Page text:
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Archive for June, 2013

Auto-Loan Delinquencies Inch Up, Prodded by Subprime Loans

People with less-than-perfect credit are receiving auto loans more easily than in the past few years, a situation propelling the rise in auto-loan delinquency rate.

The rate of U.S. auto-loans that are 60 days or more past due slightly increased to 0.88 percent in the first quarter of 2013 from 0.82 percent in the same period in 2012, showed the latest TransUnion Industry Insights Report.

The delinquency rate among subprime borrowers significantly increased from 5.09 percent to 5.50 percent, the “primary driver of the increase” in the national auto-loan delinquency rate according to the credit bureau.

TransUnion Automotive Vice President Peter Turek said that they have been watching the trend in auto loans to see whether an increase in subprime lending would spur delinquency rates on.


However, the percentage of subprime borrowers in Q1 2013 remained the same as in Q1 2012. Subprime borrowers still made up 15 percent of the total auto loan accounts this year.

“We found that while subprime borrowers are receiving more auto loans, the percentage of these loans to all auto loans made remains the same as last year so there has not been a dramatic effect to the overall delinquency rate,” Turek said.

On the contrary, auto loan balances grew by more than 6 percent from $11,266 to $12,006. The average loan balance increased by only 4 percent despite continuous growth for eight consecutive quarters. And the account balances in the subprime category rose by more than 11 percent over the last two years.

Meanwhile, the volume of all auto loans originated increased by 6.1 percent from Q1 2012 to Q1 2013.

According to Turek, borrowers are more likely to miss or be late on their payments as lenders give out more financing opportunities to people with less-than-ideal credit.

“On one hand, subprime borrowers make up a smaller percentage of the overall market and their delinquency rates are actually the same as they were two years ago. However, their account balances have risen more than $1,200 in that same period placing more of an economic burden on lenders if they were to go delinquent,” said Turek.



California Republic Bank Sells $238M of Securitized Auto Loans

California Republic Bancorp (CRPB) recently sold $238 million of notes backed by prime auto loans to qualified institutional buyers.


The third best performing bank in the U.S. also sold all the residual interests of the securitized loans by selling “the underlying ownership certificates of the securitization trust through a private placement transaction.” CRPB will still service the underlying receivables for a 1% servicing fee.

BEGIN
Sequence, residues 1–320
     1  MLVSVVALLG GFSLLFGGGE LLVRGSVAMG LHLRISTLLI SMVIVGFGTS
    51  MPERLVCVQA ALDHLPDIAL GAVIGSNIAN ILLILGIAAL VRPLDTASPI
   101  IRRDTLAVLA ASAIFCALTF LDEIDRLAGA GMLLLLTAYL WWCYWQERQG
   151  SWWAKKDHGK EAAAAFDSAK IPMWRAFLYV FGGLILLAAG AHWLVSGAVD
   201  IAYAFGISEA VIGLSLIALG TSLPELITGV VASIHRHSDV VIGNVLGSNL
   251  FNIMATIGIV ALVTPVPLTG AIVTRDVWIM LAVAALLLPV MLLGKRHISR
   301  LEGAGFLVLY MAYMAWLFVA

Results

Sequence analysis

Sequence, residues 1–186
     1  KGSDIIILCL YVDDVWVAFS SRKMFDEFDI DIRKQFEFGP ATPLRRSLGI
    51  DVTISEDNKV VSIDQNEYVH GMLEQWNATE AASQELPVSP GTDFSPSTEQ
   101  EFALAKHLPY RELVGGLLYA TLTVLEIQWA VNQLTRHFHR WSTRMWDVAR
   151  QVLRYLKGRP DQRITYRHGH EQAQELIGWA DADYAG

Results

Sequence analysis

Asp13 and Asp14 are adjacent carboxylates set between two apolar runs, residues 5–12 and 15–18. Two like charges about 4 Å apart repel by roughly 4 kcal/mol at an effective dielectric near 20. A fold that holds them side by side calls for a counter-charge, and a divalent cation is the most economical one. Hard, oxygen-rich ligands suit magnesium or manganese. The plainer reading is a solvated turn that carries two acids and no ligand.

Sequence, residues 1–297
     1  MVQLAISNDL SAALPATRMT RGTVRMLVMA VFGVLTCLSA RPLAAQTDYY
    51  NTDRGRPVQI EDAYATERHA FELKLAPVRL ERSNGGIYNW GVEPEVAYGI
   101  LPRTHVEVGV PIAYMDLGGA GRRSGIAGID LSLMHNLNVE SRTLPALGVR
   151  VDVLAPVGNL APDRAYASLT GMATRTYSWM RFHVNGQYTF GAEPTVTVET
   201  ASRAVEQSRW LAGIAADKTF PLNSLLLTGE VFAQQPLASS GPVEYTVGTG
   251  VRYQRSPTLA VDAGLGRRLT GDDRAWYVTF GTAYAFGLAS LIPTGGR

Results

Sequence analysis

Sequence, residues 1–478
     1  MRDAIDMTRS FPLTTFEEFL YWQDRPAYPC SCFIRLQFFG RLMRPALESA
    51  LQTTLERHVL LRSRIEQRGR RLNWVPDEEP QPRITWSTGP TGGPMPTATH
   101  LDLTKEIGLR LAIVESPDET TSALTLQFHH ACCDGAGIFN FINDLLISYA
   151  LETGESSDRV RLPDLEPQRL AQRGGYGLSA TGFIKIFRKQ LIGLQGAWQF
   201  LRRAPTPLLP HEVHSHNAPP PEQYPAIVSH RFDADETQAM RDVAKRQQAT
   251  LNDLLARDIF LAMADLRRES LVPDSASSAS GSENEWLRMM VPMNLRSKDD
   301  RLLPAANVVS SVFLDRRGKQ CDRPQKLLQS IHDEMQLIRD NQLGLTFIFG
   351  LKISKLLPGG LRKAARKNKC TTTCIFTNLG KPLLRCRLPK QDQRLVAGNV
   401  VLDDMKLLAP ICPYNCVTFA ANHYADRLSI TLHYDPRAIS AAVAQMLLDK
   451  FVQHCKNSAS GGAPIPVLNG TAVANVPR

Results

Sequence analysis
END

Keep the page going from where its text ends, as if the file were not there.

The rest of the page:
CRPB Chief Executive Officer Jon Wilcox said, “Securitizations are an important aspect of our business model, and we are pleased by the size and overall execution of this deal.”

CRPB, which has $653 million total assets in the first quarter of this year, completed securitization of some $183 million of auto loans in November 2012.

Credit Suisse and Mitchell Silberberg & Knupp were the company’s structuring agent and bookrunner and legal adviser, respectively.



Student Loans Soar, Borrowers Shy from Auto Loans, Mortgages

Rising student debt levels are weakening businesses for auto and housing markets, a recent report by Federal Reserve Bank of New York (FRBNY) showed.

U.S. student loan debt amounted to a total of $966 billion in 2012, making it the second largest debt in the country after mortgages. Student debt now surpasses auto loans, credit cards and home-equity balances.

The market share of 25-year-olds holding a student loan expanded to 43 percent in 2012 from 25 percent in 2003. The average student loan balance increased by 91 percent from $10,649 ten years ago to $20,326.

The report showed that people with student loans are less likely to take on other forms of debt such as mortgages and auto loans.

The total debt that a typical student held in 2008 was $35,559. It declined to less than $30,000 this year.


Moreover, 30-year-old borrowers (30 years is deemed in the study as the median age at first home purchase) with history of student debt are less likely to secure housing loans than those without. In 2012, the home ownership rate for those with student loans is 2 percentage points lower than those without student debt history.

Likewise, 25-year-old student-borrowers seem to be less interested now in funding their vehicle purchases with debt than those who do not have a history of repaying a student loan. Over the past decade, student loan borrowers who took out auto loans after school are down to about 30 percent from 37 percent.

According to the FRBNY report, people who took on a loan for their schooling and were able to get good education may have limited access to auto and housing markets despite their potential to earn higher income than others. This is largely due to “tighter underwriting standards, higher delinquency rates, and lower credit scores.”

“While highly skilled young workers have traditionally provided a vital influx of new, affluent consumers to U.S. housing and auto markets, unprecedented student debt may dampen their influence in today’s marketplace,” the report concluded.